One mom recently discussed with me the emotional roller coaster that is leaving your baby behind for the first time. She wanted to know how to get some me time in without disrupting the routine.
Not for a big weekend away, just for a couple of hours. We’ve all been there.
Trusting another person to care for your precious baby, whether it’s a family member or a new babysitter, is difficult at first. In fact, it can be difficult for a while.
You can’t help but think about all of the “what ifs” as you sit there in the nail salon, feigning relaxation. It takes some getting used to.
By the second baby, most moms are ready to run out the door whenever possible. But with that first one, it’s hard to trust someone else to do the job that only you were meant to do.
That’s right, I’m referring to the anxiety-ridden absence of logic that hits all moms at some point:
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It happens when you try to treat yourself to a latte and a pedicure. It happens when you and your husband head out to dinner alone for the first time. It happens when you feel like you didn’t have your best parenting moment, day, or week.
It happens when you dare to buy something just for you for a change. And it happens when a new sibling arrives and you’re not quite sure if there really is enough of you to go around. There is, but that doesn’t stop the guilt from taking over.
SO HOW DO WE COPE WITH MOM GUILT?
Because the truth is that if we are tired, guilt-ridden, and stressed out, we really aren’t much good for our babies, toddlers, preschoolers, and beyond. We need to be able to cope with our emotions and take care of ourselves so that we can focus on caring for our children.
WE TALK TO OTHER MOMS
Some moms spend their days posting the most positive Facebook status updates ever with the hope of conveying to the world that they’ve got it down. They are lucky, blessed, grateful, etc.
It’s true that they are all of those things. And it’s always nice to share the positives with the world. But the truth is that parenting is tiring.
We do feel guilty when we feel like we’re not giving enough or are stealing a little too much personal time on the side (although in my world that just doesn’t seem possible).
Being honest with other moms opens up a discussion that will very possibly end up on a positive note. Maybe another mom has a different strategy that might work for you. Maybe you can help that mom in return. There’s no shame in seeking support during the hard times. Truthfully, it’s probably the best thing we can do.
WE TAKE BABY STEPS
There’s no rule that says that you have to hire a babysitter for six hours at a time and float around feeling guilty until 5 pm arrives. Get a babysitter for a couple of hours so that you can enjoy that latte piping hot, get pretty nails, and grocery shop alone.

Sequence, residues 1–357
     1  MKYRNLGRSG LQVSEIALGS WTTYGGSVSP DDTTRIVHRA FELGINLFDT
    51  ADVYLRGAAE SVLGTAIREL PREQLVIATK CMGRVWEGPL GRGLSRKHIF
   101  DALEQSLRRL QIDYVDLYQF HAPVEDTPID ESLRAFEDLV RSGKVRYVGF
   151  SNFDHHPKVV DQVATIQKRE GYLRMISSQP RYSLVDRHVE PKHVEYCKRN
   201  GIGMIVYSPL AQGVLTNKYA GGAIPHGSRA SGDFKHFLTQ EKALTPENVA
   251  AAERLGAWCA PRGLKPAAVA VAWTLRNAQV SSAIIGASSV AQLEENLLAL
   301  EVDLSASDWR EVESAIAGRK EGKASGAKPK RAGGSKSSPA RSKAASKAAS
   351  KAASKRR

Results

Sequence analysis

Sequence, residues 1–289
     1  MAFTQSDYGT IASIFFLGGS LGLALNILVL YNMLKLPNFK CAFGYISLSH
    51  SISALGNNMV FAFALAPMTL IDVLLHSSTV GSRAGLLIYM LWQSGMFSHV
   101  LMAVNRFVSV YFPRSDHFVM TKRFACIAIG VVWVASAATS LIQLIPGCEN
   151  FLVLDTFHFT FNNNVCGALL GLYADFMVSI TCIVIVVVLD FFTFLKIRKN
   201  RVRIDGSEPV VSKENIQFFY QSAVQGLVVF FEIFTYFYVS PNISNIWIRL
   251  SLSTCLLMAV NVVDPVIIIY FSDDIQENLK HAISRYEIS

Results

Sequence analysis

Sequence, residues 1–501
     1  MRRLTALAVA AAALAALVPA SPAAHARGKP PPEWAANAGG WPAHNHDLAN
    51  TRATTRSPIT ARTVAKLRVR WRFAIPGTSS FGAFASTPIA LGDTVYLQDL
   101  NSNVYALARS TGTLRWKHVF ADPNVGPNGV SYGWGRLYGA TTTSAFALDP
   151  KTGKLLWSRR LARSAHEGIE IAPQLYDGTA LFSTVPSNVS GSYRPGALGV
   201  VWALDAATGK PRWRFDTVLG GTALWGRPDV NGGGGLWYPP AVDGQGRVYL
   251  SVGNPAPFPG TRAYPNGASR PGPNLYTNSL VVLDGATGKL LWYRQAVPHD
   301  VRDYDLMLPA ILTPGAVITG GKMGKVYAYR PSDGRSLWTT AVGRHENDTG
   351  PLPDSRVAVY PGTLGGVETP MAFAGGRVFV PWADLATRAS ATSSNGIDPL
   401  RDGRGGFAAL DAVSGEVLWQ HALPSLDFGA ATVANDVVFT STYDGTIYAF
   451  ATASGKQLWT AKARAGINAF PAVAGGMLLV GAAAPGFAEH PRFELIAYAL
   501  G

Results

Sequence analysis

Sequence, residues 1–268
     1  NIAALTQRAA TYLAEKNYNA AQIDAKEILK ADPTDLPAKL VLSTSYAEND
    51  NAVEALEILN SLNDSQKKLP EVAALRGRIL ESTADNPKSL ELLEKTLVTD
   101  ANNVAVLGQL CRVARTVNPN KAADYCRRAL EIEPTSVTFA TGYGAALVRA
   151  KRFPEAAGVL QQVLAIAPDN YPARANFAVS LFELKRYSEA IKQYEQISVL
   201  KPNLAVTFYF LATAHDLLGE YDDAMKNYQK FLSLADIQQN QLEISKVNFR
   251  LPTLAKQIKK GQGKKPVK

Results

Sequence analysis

Better yet, start by leaving your baby with daddy for a few hours at a time. He’s very capable, and he needs bonding time too. Then work your way up to leaving your precious cargo with a family member or a babysitter. Trust me, you will be a better mommy for it.
WE FOCUS ON OUR RELATIONSHIPS
If we are only ever thinking about how our choices affect our children, where does that leave our poor husbands/wives? Slipping out for a dinner while the baby sleeps is a very good thing.
WE READ, WRITE, ENJOY A GLASS OF WINE, WATCH TV, OR RENT MOVIES
We find an outlet that works so that we have time to unwind and turn off the guilt switch. It’s not that I’m advocating a sedentary lifestyle, but I am a firm believer that checking out for a couple of hours each night can really help you start fresh the next morning.
WE MAKE TIME FOR GIRLFRIENDS
A lunch, a dinner, a book group, or just a walk in the park can really help tired mommies reconnect to the world and come back positive and ready for anything. Don’t let your friendships go just because you’re covered in vomit and running on fumes. We all need each other to lift each other’s spirits from time to time. We all need to be there for each other.
WE LET IT GO
Mom guilt never ends. Just ask your own mom; she’ll tell you. We can’t always be perfect. We can’t predict all of the pitfalls and catch every fall. But we can do our best on any given day. And you know what? That’s all our children really need.
HOW DO YOU COPE WITH MOM GUILT?
Buy Katie’s book, the Happy Kid Handbook.
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